Spoilers ahoy in this post!
So Dave and I went to see Mama the weekend it came out. We had a great conversation about it afterward in which Dave elucidated a theory about ghost stories the main point of which I'm going to relate here. He's an engineer, so structural concepts come pretty easily to him.
I'm not going to exactly review it here, except to say that it was visually great, and if visually great stuff amuses you, then you should see it. Jessica Chastain looked amazing, as did Handsome McCutiepants, the male lead (I know I should just Google it but to do that would freak out my ancient laptop and I'd never get back here to finish this post). I often find kid actors noxious, but the little girls were really terrific. The ghost looked great, as did her retro run down cabin in the woods. So yeah: Mama is very pretty.
Structurally it is flawed, albeit in interesting ways. So after we watched it we came to the conclusion that there's a problem with ghost stories, and that problem has in part to do with the lore of ghosts and in part with the narrative imperative to wrap things up in a tidy package at the end.
The lore of ghosts has to do with understanding them. There's this idea that you can solve a haunting if you can just get the ghost to go into the light, or figure out why they keep moving great grandma's brooch, or whatever. I'm not talking about actual hauntings here, of which there are many different kinds and different ways of dealing with them. I'm talking about predominant cultural notions.
Here's the thing though: if your ghost story falls under the purview of horror, and you at some point in the story reveal, for example, through elaborate and awesome looking dream sequences, why the ghost is so upset that it needs your babies (hint: you took away her baby, or someone did (or some nun did)), you drain all of the energy out of your plot. Then you no longer have a horror story: you've got a science problem. Give the ghost the brooch / the corpse of her baby / the more feral of your wolf children, and you'll solve the problem. (Child protective services might have a few questions about what happened to the more feral of your wolf children on that cliff that night, but that's a problem for a different story.)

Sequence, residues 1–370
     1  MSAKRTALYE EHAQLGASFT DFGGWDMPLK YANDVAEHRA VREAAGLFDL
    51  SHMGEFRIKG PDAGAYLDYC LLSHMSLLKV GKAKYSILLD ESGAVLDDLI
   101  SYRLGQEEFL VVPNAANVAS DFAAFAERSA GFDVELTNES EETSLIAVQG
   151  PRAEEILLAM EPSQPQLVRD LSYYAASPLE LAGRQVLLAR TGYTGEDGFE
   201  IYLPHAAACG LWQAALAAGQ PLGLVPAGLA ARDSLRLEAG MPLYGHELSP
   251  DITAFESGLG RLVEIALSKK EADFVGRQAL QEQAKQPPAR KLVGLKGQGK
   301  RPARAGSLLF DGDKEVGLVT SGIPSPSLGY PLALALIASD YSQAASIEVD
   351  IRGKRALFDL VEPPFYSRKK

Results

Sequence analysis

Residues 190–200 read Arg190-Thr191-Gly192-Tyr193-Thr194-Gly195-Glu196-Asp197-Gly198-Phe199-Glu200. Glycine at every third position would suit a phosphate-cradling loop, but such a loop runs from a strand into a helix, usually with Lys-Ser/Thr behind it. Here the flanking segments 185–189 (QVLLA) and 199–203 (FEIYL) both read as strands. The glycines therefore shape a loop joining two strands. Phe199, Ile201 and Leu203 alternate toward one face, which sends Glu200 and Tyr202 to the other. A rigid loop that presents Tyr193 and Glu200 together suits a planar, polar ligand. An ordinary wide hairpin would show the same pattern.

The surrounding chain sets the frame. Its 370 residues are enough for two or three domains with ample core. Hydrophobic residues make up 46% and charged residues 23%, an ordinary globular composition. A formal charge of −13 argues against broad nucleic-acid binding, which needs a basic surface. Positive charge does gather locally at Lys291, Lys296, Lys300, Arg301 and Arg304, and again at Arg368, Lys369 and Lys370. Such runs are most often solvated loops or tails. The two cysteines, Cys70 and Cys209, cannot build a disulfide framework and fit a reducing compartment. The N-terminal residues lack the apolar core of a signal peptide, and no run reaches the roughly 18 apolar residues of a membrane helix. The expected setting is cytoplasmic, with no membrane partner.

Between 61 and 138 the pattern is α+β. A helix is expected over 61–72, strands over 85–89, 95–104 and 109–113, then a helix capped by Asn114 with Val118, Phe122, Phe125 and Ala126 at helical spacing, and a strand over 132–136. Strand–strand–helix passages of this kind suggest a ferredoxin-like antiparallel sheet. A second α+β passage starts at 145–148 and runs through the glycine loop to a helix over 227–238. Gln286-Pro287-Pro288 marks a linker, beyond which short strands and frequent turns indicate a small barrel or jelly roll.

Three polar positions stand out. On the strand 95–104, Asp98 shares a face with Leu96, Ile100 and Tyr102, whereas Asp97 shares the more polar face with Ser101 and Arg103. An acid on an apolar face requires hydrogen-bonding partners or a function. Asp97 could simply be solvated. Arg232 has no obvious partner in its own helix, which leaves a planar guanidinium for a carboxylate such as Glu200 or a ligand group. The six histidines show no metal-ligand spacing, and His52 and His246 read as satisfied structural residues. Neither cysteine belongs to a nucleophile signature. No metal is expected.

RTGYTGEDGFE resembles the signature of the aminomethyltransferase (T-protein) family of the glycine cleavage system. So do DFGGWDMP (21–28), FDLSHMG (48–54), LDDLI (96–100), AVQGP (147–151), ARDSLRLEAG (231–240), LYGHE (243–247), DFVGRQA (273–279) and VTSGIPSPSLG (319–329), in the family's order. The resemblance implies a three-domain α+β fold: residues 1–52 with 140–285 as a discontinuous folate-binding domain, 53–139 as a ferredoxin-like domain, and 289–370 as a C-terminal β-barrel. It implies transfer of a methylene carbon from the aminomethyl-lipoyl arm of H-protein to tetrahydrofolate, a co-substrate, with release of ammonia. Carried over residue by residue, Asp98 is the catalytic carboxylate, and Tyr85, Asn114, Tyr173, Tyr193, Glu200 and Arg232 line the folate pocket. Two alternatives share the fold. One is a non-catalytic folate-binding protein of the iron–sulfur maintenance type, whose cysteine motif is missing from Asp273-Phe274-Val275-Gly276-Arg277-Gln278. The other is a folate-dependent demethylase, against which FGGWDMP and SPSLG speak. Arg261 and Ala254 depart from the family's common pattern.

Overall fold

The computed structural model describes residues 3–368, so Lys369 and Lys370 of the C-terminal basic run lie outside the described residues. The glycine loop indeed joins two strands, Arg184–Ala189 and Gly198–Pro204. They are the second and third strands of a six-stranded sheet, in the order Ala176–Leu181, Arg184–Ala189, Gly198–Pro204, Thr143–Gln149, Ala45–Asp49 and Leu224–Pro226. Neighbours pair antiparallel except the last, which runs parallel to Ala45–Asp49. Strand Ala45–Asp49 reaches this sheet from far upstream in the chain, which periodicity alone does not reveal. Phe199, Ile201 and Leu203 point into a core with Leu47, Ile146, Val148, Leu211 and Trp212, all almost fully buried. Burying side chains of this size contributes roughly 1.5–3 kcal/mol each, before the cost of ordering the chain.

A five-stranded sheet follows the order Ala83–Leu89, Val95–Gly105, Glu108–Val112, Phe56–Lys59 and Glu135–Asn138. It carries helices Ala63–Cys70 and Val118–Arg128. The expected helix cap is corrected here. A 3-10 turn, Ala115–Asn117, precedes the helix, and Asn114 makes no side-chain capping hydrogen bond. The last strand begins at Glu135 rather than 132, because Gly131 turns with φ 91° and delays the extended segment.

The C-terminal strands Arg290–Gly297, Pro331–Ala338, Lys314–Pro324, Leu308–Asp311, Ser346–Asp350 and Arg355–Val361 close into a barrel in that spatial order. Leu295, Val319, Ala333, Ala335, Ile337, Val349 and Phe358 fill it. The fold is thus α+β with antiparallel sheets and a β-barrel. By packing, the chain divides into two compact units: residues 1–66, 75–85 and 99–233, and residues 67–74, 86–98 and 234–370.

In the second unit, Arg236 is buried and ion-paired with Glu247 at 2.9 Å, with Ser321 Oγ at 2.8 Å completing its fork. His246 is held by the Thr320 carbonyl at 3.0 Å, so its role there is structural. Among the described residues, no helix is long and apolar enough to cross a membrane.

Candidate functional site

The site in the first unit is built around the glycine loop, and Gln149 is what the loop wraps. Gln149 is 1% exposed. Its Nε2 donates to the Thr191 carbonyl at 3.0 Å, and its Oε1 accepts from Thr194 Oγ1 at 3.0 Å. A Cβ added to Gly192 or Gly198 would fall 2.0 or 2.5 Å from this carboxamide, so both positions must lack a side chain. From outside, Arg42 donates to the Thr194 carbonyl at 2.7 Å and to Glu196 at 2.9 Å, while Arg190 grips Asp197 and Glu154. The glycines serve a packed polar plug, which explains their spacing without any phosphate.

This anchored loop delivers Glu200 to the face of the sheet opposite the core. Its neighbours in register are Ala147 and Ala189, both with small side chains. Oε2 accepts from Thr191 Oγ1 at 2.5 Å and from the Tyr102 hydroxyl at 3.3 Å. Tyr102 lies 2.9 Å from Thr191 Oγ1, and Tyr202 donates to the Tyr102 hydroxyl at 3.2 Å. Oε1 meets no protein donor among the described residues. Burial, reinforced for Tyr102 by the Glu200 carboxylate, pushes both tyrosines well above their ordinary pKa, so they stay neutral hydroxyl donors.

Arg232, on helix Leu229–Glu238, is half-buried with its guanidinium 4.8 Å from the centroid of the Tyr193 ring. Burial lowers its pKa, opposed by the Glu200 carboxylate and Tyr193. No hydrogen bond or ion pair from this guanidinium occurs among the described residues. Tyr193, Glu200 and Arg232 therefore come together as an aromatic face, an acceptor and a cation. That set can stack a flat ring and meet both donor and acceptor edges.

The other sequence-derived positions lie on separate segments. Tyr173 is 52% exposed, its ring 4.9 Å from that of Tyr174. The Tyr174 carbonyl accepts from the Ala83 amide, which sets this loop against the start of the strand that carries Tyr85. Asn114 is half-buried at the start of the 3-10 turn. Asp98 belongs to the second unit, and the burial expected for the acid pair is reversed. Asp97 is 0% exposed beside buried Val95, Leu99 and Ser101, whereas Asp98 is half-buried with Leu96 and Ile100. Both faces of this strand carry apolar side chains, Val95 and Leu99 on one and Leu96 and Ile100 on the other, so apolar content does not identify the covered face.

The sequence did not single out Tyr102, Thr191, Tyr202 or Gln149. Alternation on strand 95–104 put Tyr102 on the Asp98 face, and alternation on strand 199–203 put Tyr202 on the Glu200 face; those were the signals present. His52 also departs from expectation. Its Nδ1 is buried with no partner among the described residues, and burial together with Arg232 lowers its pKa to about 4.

In essentials, if you allow your horror story to devolve into a science problem, you're joining the ranks of Ghostbusters and Scooby Doo. Nothing wrong with that - horror comedy is built on a foundation of ghost-stories-as-science-problems. It's just if you want the story to remain a horror piece, maybe best to leave your characters haunted.
What haunts us? The missed connections, the unresolved puzzles, the things we said we'd do that we never did, the promises we broke, the lies we told, the secrets we hid? Or: the cruel things we said and did, the hurts we inflicted and never apologized for, the confrontations we failed to stage, the ways we rolled over and gave in? I can think of many things. Some of the better haunting stories I've read recently never resolve the haunting, and indeed, revolve around the utter failure of the main characters to engage with their ghosts in anything like an effective manner.
Discuss, preferably with examples. Or: write your own unresolved haunting story this week and let me know how it goes.